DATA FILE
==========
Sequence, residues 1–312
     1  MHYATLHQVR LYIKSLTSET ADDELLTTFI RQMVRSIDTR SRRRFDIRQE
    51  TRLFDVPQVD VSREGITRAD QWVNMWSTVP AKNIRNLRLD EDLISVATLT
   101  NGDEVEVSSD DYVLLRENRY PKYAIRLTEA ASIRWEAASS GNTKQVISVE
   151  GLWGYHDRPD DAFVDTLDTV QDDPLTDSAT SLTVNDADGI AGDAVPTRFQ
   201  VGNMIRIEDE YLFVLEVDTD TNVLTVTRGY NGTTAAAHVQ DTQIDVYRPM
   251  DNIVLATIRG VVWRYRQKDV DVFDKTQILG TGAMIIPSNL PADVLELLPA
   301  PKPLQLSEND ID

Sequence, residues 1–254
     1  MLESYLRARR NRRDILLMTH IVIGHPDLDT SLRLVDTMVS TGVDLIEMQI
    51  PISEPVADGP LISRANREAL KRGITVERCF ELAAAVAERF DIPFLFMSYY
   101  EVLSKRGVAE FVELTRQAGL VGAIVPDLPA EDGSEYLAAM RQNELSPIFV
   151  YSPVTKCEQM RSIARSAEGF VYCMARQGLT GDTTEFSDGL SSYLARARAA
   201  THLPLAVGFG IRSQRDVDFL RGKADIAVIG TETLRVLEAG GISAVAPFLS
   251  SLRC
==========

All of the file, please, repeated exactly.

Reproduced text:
Sequence, residues 1–312
     1  MHYATLHQVR LYIKSLTSET ADDELLTTFI RQMVRSIDTR SRRRFDIRQE
    51  TRLFDVPQVD VSREGITRAD QWVNMWSTVP AKNIRNLRLD EDLISVATLT
   101  NGDEVEVSSD DYVLLRENRY PKYAIRLTEA ASIRWEAASS GNTKQVISVE
   151  GLWGYHDRPD DAFVDTLDTV QDDPLTDSAT SLTVNDADGI AGDAVPTRFQ
   201  VGNMIRIEDE YLFVLEVDTD TNVLTVTRGY NGTTAAAHVQ DTQIDVYRPM
   251  DNIVLATIRG VVWRYRQKDV DVFDKTQILG TGAMIIPSNL PADVLELLPA
   301  PKPLQLSEND ID

Sequence, residues 1–254
     1  MLESYLRARR NRRDILLMTH IVIGHPDLDT SLRLVDTMVS TGVDLIEMQI
    51  PISEPVADGP LISRANREAL KRGITVERCF ELAAAVAERF DIPFLFMSYY
   101  EVLSKRGVAE FVELTRQAGL VGAIVPDLPA EDGSEYLAAM RQNELSPIFV
   151  YSPVTKCEQM RSIARSAEGF VYCMARQGLT GDTTEFSDGL SSYLARARAA
   201  THLPLAVGFG IRSQRDVDFL RGKADIAVIG TETLRVLEAG GISAVAPFLS
   251  SLRC